Ms. Malo graduated from Emmanuel College and received her MFA from the University of Massachusetts, where her passions centered on printmaking.  Ms. Malo’s most recent work focuses on elemental themes from nature – water, air, granite, and forests. Using photography to record her daily walks, Malo pieces together composite views of her favorite places, capturing the essence of each location. Sometimes the result is a “view” in its entirety, while at other times the paintings are more like a pieced quilt of close-up details recomposed into a more abstract memory painting.  The paintings utilize techniques borrowed from her studies in printmaking, watercolor and oil painting.  Ms. Malo’s works are in a number of collections, including the DeCordova Museum, Newport Art Museum, The Blackstone Group, Ritz Carlton Hotels, Marriott Hotels, Baystate Medical Center, St. Elizabeth’s Medical Center, Parmenter Hospice, Bryant College, Otis Elevator, and numerous private collections.

The mission of the Linden Street Gallery is to instill an appreciation for the reflective and contemplative experiences of nature by engaging its visitors through gallery exhibits.  The Gallery nourishes the spirit by celebrating the interdependencies between humans and the natural environment.  Nestled in forty-five acres of forest, the Linden Street Gallery is located within the LEED Gold Trailhead House of Summer Star Wildlife Sanctuary at 690 Linden Street, Boylston, Massachusetts.  The wildlife sanctuary protects wetland and woodland habitats that provide homes for all wildlife, and there is a 1.5-mile trail loop for outdoor exploration.  The sanctuary honors nature through wildlife protection, art exhibitions focusing on nature, outdoor tours, educational programs, and wildlife releases in collaboration with the Cummings School of Veterinary Medicine at Tufts University.  The Linden Street Gallery within the Trailhead House is open Saturday through Tuesday 11:00 am–3:00 pm.  The sanctuary’s trails are open Saturday through Tuesday from dawn to 3:00 pm during the winter and from dawn to dusk the rest of the year for human guests.  Limited parking is available at Summer Star Wildlife Sanctuary during the hours trails are open.  Admission to Summer Star Wildlife Sanctuary is free.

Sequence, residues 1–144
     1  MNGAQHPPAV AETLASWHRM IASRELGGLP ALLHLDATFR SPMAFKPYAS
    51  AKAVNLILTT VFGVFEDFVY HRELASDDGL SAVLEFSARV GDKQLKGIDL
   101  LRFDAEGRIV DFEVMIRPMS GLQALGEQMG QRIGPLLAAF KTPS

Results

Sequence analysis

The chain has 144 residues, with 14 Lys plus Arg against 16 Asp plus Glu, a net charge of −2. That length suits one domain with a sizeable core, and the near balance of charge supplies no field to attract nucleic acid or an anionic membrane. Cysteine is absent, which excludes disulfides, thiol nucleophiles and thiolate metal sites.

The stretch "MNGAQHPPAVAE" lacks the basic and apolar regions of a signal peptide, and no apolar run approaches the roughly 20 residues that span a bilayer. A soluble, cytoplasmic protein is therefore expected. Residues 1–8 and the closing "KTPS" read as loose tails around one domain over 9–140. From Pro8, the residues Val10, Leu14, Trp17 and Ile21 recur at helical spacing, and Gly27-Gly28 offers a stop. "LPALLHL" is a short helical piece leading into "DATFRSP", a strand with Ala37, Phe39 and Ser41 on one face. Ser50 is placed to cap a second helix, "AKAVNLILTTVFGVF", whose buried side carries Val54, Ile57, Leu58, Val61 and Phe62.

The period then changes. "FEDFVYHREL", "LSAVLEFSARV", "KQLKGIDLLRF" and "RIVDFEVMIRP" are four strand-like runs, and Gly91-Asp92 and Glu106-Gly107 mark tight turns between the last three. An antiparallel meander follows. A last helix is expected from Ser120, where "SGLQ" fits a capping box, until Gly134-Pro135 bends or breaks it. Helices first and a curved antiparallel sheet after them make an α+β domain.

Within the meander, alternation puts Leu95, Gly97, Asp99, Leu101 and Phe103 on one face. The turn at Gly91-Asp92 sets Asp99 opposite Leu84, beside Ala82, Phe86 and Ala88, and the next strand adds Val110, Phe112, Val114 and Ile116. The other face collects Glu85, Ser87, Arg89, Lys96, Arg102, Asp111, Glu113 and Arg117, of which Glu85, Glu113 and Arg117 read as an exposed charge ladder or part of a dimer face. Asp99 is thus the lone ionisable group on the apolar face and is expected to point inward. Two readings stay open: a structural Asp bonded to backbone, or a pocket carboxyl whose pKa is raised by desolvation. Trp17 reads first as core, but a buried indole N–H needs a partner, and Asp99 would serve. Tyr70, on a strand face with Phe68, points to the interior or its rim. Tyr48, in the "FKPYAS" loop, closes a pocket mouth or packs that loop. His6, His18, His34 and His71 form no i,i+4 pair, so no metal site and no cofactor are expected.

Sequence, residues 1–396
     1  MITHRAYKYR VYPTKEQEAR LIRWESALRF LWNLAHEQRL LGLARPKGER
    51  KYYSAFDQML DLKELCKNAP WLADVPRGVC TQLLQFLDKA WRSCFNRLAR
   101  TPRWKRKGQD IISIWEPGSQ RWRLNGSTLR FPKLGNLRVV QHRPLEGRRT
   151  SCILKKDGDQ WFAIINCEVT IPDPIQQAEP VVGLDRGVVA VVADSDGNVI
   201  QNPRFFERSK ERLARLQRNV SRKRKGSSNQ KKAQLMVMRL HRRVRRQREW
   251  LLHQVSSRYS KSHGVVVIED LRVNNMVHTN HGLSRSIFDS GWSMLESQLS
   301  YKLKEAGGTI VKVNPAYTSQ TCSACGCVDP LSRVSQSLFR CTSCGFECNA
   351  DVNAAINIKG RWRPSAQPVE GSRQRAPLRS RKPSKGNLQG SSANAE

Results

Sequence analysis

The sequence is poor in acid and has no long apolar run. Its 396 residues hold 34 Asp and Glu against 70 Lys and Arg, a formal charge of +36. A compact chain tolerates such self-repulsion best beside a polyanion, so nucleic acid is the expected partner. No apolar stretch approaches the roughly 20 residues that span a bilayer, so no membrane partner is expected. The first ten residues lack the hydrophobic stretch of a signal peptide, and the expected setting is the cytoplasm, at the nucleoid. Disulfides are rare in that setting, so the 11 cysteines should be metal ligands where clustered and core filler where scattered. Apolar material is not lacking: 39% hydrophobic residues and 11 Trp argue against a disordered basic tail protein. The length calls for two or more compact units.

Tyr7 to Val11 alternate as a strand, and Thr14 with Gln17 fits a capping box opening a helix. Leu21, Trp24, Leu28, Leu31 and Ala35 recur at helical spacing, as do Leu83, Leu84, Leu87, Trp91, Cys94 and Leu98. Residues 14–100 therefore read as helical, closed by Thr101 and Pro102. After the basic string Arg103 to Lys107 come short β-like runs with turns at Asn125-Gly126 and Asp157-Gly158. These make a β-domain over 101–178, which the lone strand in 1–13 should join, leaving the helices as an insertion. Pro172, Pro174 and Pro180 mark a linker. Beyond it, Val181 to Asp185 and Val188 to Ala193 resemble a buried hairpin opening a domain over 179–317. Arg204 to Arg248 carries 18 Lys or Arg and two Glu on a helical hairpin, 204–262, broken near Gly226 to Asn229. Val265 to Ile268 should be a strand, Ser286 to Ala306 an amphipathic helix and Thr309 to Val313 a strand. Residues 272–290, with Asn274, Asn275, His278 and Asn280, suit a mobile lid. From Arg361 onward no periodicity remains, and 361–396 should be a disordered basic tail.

Summer Star Update – June 25th, 2020

Juvenile Red-Tailed Hawk Released!

A juvenile red-tailed hawk that was successfully treated for anticoagulant rodenticide toxicosis and underwent rehabilitation and conditioning in the Shalin Liu Healing Cage at Tufts Wildlife Clinic at Cummings Veterinary Medical Center at Tufts University was released back to the wild on June 24th

A Great Horned Owl Admitted to Tufts Wildlife Clinic

A great horned owl nestling was admitted to Tufts Wildlife Clinic at Cummings Veterinary Medical Center at Tufts University in April. The owlet had fallen from its nest during windy weather. After examination by veterinarians, the owlet was determined not to have sustained significant injuries. After a short stay at the Clinic, the owl was able to be re-nested. 

Two juvenile red-tailed hawks are the new residents of the Shalin Liu Healing Cage at Tufts Wildlife Clinic

Photo: Dr. Maureen Murray, Director Wildlife Clinic, Clinical Associate Professor Cummings School of Veterinary Medicine TUFTS University

Inside the Cave Room at Summer Star Wildlife Sanctuary, the live stream camera is showing these two Red-Tailed Hawks healing. Here is their current health condition explained by Dr. Murray: